What would Jesus the Palestinian do?

Jesus in PalestineWhat do you call a Christian who opposes the occupation of Palestine by undermining its socio-economic and religious underpinnings?

By , Jan 11, 2016


Among other things, you might call him Christ.

There is a quiet sea of change in support for Israel among American Christians. This transformation is so powerful it might ultimately end the occupation of Palestine by shifting support away from Israel, but it has largely gone ignored. More conservative evangelical Christians, who have been a bastion of support for Israel, are increasingly scrutinizing the state’s human rights abuses. Key leaders are dropping their support, while the younger generation opposes as much as it supports Israel.

Meanwhile, more liberal Mainline Protestant churches, like the Methodists, Lutherans, and United Church of Christ, are seriously debating divestment from Israel. Mainline Protestants are core to American society and were crucial to the Anti-Slavery and Civil Rights movements. They fought and eventually overcame the Jim Crow system of racial injustices upon which South Africa modeled their own system of Apartheid. And their increasing support for Palestinian human rights could ultimately turn the tide in favor of Palestinians.

It is a great irony that American Christians often support the occupying Israel over the occupied Palestinians. Jesus lived and died in occupied Palestine, after all. And he was crucified at the hands of the occupying Romans. His mission was in many ways a response to the suffering engendered through occupation. And a substantial portion of the Palestinian population is Christian, the most well integrated in the Arab world. Jesus spends most of the Gospels comforting the marginalized, criticizing the wealthy, and preaching love. But the occupation is ever-present in the tensions with Rome, the constraints placed on the Jewish religious establishment, and most of all in his own persecution.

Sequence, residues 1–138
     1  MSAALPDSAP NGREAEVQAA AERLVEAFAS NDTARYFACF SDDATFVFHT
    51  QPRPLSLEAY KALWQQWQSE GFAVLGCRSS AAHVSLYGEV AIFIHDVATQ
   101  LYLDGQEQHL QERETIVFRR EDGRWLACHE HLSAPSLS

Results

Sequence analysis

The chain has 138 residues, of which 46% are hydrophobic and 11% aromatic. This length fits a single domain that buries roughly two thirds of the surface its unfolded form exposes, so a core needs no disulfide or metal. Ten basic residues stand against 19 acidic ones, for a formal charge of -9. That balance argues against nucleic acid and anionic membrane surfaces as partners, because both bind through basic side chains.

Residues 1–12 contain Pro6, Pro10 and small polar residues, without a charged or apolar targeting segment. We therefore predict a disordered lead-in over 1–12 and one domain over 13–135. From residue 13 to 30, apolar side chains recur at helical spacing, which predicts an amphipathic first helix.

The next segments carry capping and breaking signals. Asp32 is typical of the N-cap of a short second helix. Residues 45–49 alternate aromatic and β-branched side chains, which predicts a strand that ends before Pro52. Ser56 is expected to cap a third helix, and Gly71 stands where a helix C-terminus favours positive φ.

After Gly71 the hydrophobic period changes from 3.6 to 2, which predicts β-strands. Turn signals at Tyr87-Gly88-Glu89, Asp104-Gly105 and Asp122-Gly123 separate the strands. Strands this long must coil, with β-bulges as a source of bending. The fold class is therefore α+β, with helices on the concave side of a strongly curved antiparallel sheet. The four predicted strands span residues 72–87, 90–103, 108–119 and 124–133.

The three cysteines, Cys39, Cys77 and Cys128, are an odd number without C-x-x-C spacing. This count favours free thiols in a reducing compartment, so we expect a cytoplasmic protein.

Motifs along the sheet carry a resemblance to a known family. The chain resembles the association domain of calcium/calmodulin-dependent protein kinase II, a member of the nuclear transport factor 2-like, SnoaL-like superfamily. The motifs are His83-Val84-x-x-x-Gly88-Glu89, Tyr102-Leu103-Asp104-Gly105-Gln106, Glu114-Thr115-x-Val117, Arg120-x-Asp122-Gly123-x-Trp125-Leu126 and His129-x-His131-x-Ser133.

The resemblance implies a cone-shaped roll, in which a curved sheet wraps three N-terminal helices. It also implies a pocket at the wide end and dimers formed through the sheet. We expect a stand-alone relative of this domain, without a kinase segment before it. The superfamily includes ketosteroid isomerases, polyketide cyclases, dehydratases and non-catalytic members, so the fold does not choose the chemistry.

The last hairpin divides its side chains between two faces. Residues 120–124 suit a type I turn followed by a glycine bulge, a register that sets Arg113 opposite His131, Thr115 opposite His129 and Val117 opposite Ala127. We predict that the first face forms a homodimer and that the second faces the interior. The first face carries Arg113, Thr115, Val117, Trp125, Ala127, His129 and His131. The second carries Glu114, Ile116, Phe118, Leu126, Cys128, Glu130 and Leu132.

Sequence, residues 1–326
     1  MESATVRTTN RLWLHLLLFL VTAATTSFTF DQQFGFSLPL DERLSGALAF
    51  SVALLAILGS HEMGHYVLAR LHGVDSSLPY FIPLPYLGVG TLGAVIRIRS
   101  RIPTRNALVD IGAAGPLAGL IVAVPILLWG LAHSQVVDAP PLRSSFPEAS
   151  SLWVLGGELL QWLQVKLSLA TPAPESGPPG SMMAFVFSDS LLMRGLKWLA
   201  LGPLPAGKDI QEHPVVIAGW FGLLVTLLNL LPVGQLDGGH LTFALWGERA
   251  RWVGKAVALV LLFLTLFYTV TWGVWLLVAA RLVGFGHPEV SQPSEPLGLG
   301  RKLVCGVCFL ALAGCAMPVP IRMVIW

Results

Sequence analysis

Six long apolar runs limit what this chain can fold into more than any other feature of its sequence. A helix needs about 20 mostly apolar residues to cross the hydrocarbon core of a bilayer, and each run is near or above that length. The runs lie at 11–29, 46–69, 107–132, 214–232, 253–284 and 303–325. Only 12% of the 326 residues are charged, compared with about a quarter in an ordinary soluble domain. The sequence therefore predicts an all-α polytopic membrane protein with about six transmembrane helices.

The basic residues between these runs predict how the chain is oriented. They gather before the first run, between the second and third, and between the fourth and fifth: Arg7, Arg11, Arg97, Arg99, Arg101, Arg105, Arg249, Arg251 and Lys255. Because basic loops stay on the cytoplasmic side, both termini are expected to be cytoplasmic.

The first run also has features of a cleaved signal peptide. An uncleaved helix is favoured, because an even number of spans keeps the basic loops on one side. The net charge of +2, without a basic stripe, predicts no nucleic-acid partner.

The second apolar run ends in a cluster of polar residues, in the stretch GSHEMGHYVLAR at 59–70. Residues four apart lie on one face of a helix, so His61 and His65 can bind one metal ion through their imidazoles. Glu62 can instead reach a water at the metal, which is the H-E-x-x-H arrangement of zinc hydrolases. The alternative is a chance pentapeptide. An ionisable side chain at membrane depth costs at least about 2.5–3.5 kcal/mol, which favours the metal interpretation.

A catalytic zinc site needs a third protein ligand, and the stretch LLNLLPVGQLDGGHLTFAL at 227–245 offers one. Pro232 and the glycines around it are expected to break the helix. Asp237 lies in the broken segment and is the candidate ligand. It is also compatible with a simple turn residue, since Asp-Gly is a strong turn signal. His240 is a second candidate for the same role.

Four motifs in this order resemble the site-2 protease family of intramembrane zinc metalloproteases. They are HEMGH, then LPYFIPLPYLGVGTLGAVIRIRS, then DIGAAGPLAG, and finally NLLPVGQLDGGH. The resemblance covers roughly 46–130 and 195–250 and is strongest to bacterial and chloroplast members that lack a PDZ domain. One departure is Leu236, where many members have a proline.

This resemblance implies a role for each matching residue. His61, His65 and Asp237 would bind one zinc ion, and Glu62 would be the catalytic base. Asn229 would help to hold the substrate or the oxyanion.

Biblical scholarship has in recent decades revealed a more nuanced picture of the socio-economic conditions of Israel under Roman occupation. The Biblical scholar, John Crossan, notes the people whom Jesus saved were often suffering from disease and impoverishment because the Roman occupation was milking their land of resources. And like many who suffer from such poverty and social marginalization, they had high levels of mental illness and were ready for a savior, thus making early Christianity in many ways a response to occupation. Most Biblical scholars consider substantial portions of the Gospels to be fiction, but what matters is the Jesus Christians have come to emulate.